Delivery Robots that Travel Indoors
Chances are, you’ve seen (or at least heard about) robots moseying down the street delivering packages or food to buildings. But what about using them to deliver goods inside these buildings?
That’s what Earth Robotics is focused on. This company is using robots to fully automate the last 500 feet of the delivery process. To its knowledge, it’s the first company to automate deliveries inside buildings, using robots to bring packages and food right to people’s offices or doors.
According to research from eMarketer, by 2025, e-commerce sales will surpass seven trillion dollars. This explains why a single condo building in the U.S. receives an average of 300 packages a day, and more than 120 food deliveries.
In the process of sending your package from the retailer to your home or office, the final stretch — known as the last mile — is often the most challenging. It’s typically the most expensive, time-consuming, and inefficient leg of the journey.
At many offices and residential buildings, the process of taking packages inside and to the recipient’s location is still a manual process. This leads to overwhelmed deliverers, lost items, cold food, package overflow, and unhappy residents.
These are the issues Earth Robotics is addressing. Its robotic system provides a 100% autonomous solution to last-mile package delivery inside buildings (other companies have only partially automated ideas for tackling this challenge). The delivery person simply delivers the package to the waiting robot, which then transports the item directly to the user’s door. It’s even trained to safely and correctly use elevators.
In addition to its fleet of robots, Earth Robotics plans to erect MicroHubs, nearby local logistics delivery centers. Mass orders delivered by Amazon, for example, can be left in these hubs and residents can retrieve their package at their convenience.
Earth Robotics is a pre-revenue operation, but plans to generate monthly revenue through its robot-as-a-service subscription model.
Using an area like midtown Miami as an example, the company would build a hub that serves around 6,400 units, and charge a twenty-five-dollar monthly fee for each unit. Its robots would also serve four buildings for a monthly fee of $7,500 per building. This equates to almost $200,000 in monthly revenue, or more than two million dollars per year.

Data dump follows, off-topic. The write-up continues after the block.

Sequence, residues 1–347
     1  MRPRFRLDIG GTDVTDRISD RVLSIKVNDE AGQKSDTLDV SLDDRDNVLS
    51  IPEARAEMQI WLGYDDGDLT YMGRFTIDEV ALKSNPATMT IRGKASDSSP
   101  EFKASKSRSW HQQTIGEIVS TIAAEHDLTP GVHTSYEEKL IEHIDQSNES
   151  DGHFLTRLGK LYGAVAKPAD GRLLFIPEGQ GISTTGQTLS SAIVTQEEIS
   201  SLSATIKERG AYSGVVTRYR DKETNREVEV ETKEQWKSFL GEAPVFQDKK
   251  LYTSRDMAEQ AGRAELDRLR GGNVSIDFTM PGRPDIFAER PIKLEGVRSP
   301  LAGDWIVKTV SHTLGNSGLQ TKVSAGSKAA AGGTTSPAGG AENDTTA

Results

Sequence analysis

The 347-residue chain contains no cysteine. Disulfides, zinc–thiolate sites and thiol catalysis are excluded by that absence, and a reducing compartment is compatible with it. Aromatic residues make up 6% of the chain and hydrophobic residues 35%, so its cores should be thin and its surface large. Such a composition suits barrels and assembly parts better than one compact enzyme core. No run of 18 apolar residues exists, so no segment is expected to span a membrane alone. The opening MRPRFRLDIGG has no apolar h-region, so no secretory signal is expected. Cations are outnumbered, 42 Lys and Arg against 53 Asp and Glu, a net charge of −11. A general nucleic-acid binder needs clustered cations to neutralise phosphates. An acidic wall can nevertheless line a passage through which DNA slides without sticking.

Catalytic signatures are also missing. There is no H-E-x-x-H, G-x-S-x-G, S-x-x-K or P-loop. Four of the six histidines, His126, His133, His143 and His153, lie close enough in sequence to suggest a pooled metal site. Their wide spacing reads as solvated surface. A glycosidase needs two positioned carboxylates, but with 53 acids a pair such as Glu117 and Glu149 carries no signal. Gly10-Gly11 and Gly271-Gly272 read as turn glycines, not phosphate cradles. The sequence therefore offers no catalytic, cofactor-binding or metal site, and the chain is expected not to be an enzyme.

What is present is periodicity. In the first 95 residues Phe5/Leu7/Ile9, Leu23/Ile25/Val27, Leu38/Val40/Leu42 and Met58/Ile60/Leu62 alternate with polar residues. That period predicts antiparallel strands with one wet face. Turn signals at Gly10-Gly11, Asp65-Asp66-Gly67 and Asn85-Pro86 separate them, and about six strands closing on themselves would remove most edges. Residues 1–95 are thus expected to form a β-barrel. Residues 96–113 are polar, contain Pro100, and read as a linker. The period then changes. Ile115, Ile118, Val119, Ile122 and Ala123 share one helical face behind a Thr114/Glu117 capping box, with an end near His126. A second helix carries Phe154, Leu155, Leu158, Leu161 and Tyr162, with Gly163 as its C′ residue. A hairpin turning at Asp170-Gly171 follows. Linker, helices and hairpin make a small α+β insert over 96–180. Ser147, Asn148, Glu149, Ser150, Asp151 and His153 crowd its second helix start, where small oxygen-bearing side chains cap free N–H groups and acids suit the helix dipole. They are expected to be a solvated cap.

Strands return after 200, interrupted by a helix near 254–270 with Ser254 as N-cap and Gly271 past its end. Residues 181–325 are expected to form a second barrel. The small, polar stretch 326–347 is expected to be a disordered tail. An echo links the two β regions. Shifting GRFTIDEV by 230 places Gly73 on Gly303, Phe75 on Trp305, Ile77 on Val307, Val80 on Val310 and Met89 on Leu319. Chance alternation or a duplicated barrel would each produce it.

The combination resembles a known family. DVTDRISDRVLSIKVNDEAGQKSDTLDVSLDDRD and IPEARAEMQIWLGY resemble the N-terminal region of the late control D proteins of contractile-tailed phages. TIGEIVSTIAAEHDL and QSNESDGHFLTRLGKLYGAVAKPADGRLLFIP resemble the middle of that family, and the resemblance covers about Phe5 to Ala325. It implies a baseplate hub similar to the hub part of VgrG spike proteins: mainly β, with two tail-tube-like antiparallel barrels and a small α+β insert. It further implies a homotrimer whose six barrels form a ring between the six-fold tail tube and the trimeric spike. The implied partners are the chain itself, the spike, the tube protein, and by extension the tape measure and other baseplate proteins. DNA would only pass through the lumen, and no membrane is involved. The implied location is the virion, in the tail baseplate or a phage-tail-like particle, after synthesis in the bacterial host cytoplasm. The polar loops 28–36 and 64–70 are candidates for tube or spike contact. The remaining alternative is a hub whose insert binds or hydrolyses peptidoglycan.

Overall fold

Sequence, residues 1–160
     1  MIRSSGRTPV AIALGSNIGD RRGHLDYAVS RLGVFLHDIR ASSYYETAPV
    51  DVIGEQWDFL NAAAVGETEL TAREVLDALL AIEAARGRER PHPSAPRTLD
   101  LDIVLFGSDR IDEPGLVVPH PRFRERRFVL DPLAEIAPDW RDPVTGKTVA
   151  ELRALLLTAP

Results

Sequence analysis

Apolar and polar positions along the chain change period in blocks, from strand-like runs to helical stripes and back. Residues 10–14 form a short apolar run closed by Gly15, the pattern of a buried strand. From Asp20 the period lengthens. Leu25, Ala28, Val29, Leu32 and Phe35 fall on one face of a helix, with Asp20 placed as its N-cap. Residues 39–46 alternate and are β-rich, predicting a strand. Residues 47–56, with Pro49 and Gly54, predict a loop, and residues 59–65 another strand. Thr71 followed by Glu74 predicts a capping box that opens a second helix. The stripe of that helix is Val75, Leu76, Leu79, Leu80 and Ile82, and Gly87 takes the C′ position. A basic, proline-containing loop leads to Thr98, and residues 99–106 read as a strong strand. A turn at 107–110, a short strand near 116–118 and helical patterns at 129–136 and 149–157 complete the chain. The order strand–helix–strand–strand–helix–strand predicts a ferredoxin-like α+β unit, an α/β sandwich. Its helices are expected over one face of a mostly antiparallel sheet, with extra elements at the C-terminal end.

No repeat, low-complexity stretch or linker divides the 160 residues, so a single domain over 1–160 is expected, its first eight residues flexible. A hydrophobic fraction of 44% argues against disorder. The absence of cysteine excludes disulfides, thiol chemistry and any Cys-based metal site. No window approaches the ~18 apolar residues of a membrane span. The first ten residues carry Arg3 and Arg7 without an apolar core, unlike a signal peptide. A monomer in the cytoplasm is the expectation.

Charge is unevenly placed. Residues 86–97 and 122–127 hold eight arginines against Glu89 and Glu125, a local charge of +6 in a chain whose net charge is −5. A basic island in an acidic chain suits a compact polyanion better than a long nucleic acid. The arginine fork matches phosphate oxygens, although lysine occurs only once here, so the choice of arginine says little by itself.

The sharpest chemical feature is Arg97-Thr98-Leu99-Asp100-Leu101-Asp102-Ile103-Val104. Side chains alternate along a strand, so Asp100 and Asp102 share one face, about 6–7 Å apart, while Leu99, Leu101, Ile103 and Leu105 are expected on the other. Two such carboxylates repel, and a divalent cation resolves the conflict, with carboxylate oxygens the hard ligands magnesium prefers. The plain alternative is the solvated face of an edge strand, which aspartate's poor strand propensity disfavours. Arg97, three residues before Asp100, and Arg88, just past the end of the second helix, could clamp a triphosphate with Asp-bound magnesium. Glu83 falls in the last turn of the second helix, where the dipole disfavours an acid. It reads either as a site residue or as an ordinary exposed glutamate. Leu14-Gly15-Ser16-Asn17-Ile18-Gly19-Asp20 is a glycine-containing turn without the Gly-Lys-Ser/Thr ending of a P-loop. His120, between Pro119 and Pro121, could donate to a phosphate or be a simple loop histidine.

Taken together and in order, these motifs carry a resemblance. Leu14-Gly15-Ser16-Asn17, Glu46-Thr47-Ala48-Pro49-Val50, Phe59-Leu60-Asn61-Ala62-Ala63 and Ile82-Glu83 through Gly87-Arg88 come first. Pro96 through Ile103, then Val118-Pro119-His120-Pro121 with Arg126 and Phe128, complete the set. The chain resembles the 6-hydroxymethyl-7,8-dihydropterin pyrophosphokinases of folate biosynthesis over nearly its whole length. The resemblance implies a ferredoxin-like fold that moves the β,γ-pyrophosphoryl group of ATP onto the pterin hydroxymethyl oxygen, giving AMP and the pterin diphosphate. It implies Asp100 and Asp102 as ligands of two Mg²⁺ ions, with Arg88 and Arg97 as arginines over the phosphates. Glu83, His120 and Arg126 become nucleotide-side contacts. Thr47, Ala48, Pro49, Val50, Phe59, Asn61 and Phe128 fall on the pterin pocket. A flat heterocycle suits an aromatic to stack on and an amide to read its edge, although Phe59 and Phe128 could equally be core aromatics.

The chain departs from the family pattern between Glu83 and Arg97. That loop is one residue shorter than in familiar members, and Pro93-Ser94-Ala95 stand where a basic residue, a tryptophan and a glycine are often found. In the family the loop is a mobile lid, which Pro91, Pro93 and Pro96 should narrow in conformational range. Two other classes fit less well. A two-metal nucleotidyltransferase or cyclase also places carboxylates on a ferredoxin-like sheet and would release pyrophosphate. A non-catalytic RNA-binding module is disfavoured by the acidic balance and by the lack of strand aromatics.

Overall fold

Earth Robotics’ patented robotic system is completed, and the company launched its first pilot robot. It has collected Letters of Intent (LOIs) to create twenty additional robots.
Ismael has more than a decade of experience in software development, and several years working in robotics engineering. He is also a savvy entrepreneur, having sold a previous company.
Mirja works part-time with Earth Robotics. In addition to her advisory role, she is a venture partner with Seedstars, an investment-management company, and a regional director with NG Terminal, a transportation and logistics business.
Mirja has twenty-five years of experience in the transportation and logistics sectors. She started her career with Lufthansa, an airline, and held various management positions throughout the company’s cargo and sales divisions. More recently, she spent five years at DHL, a shipping company, in charge of customs clearance and development projects.
She holds a Master’s degree in International Logistics and Supply Chain Strategy from Georgia Tech and an MBA from HULT International Business School.
Amir has a background in sales and entrepreneurship.
In 2015, he developed a mobile phone that sold more than 200,000 units in Latin America, generating twenty-three million dollars in sales in just one year. In 2017, Amir sold this company to a private competitor.
He then pivoted into software development and created his own business, The Nerds Co., a company creating software used in everyday consumer products.